Bob Dylan Supported the Highway Garage
Would it Then Be Built?
Edges toward a NIMBY-free Highway Department Solution
Wherever the much-needed Highway maintenance garage
and salt barn wind up being located, the Town Board
fairly soon will have to focus on building up support
among voters in order for a bonding referendum to pass.
In a rather ludicrous form of small town/gentrification
class warfare, NIMBY-gasm after NIMBY-gasm has driven
contemplation of a highway garage/salt barn site here,
then there, then here, at different locations in Woodstock.
Hopefully those who were so smug and shrill in driving
it from this location or that location will not just
head back to their lives of quiet exasperation, but
will help in the solution to this important local problem.
Maybe now that they've driven it away from the location
by the sewage treatment plant, the NIMB's will no longer
call the Highway Department facility an "ogre," especially
since it will be at a proper distance from their spiffy
homes. I think that the same people who want their snow
removed within 15 minutes of the ceasing of snowfall
curl their lips at the thought of actual snow-workers
mixing sand too near their Yup-NIMB domiciles. And oh
those unsightly salt spreaders, that Bauhaus-esque salt
barn! those squat and ugly trucks! Police cars filling
their gas tanks! Is that an engine they dare to pull
from a truck? My Lord, is that a culvert pipe? Is there
no decency? Can't they just put them in someone else's
Some, or even hundreds, might not like the solution
being stitched together which seems to be gathering
steam, but if it is carried out with the plan the Journal
has learned about, it will provide an okay, but probably
still controversial location. If another NIMBY-gasm
occurs, and if then the highway facility is not allowed
at the NEXT proposed location, then I think the Town
should purchase a property on Easton Lane, tear down
a house if necessary, and build it there.
Meanwhile, I took a drive the other day to visit some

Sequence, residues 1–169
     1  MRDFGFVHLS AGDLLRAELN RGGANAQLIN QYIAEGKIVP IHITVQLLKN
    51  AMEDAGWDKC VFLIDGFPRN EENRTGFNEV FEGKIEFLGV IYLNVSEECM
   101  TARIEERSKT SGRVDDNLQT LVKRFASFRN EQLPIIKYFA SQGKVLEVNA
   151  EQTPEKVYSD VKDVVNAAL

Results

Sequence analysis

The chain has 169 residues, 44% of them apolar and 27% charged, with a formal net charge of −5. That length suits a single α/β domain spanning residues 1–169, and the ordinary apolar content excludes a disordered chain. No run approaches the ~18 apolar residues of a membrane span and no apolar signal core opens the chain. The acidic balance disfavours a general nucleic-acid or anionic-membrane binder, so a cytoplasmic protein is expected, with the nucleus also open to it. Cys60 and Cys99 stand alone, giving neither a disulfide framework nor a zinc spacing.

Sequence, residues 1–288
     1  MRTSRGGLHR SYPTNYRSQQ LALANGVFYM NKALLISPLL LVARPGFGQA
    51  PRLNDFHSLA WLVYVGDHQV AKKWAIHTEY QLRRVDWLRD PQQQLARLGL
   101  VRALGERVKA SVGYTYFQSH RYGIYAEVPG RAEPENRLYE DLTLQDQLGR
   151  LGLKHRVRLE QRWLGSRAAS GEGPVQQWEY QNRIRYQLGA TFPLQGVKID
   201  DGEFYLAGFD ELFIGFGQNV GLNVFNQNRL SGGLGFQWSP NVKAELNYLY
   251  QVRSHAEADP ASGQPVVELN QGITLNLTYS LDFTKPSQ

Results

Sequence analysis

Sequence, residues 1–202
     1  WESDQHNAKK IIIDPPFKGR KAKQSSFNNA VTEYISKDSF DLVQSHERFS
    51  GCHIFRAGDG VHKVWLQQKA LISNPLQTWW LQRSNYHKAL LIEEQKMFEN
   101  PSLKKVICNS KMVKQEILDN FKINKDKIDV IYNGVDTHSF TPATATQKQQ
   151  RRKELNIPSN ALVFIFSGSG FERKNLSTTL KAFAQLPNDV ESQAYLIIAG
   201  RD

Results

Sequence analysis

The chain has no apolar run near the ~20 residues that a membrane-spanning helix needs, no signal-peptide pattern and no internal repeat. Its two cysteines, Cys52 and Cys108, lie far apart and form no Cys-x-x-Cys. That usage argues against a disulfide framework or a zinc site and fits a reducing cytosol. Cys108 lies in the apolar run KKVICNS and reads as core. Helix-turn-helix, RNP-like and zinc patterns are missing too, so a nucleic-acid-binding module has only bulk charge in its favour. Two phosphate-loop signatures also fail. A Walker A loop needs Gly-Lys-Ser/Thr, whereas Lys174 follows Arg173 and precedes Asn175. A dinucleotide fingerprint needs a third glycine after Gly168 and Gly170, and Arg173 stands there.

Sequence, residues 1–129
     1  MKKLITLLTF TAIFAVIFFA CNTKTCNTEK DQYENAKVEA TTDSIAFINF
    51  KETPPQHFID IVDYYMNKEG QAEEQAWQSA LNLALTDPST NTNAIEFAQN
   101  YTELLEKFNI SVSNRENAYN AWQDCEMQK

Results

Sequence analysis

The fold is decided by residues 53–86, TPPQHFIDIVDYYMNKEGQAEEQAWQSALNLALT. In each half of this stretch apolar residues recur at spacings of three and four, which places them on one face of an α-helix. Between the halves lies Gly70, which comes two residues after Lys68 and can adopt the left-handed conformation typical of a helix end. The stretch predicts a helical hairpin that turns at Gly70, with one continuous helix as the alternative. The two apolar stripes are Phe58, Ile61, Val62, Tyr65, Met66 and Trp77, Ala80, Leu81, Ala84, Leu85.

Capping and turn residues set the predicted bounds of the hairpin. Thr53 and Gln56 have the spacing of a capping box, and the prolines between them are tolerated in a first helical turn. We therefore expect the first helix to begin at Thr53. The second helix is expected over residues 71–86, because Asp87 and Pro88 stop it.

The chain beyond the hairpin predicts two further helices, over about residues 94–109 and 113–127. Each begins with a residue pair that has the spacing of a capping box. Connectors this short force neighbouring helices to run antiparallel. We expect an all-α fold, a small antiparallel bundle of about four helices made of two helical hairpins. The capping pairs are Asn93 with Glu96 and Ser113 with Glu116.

local town highway garages and salt barns. I went first
to the Town of Ulster, then to Saugerties, and finally
to the Town of Hurley.
At the rather old-fashioned Town of Ulster salt shed
(at least it's covered, unlike Woodstock's ghastly open-air
salt pile next to its drinking water stream) I ran into
a Town Board member who said that the DEC was frequently
on the Town of Ulster's case over leaks from the salt
shed, threatening hefty fines. He wondered why Woodstock
were not also getting threats of DEC financial punishment.
I had no answer.
Maybe if Woodstock were faced with a $1,000 a day fine
from the State, it would get beyond class-based NIMBY-growling.
The Saugerties highway department, located on Churchland
Road, is a combination of recent buildings and a groovy
red brick structure from 1943. It covers a lot of land,
and its salt barn, while fairly large, appears to spill
stuff to its exterior. Clearly not a model for Woodstock.
Next, I drove to the Town of Hurley site on Dug Hill
Road, in a remote part of the Town. This shoots down
the assertion that a highway maintenance facility has
to be located near a downtown location, because the
site high on Dug Hill is far removed from the town offices
in Old Hurley and the residential complexes of West
Hurley, of course, maintains an excellent recycling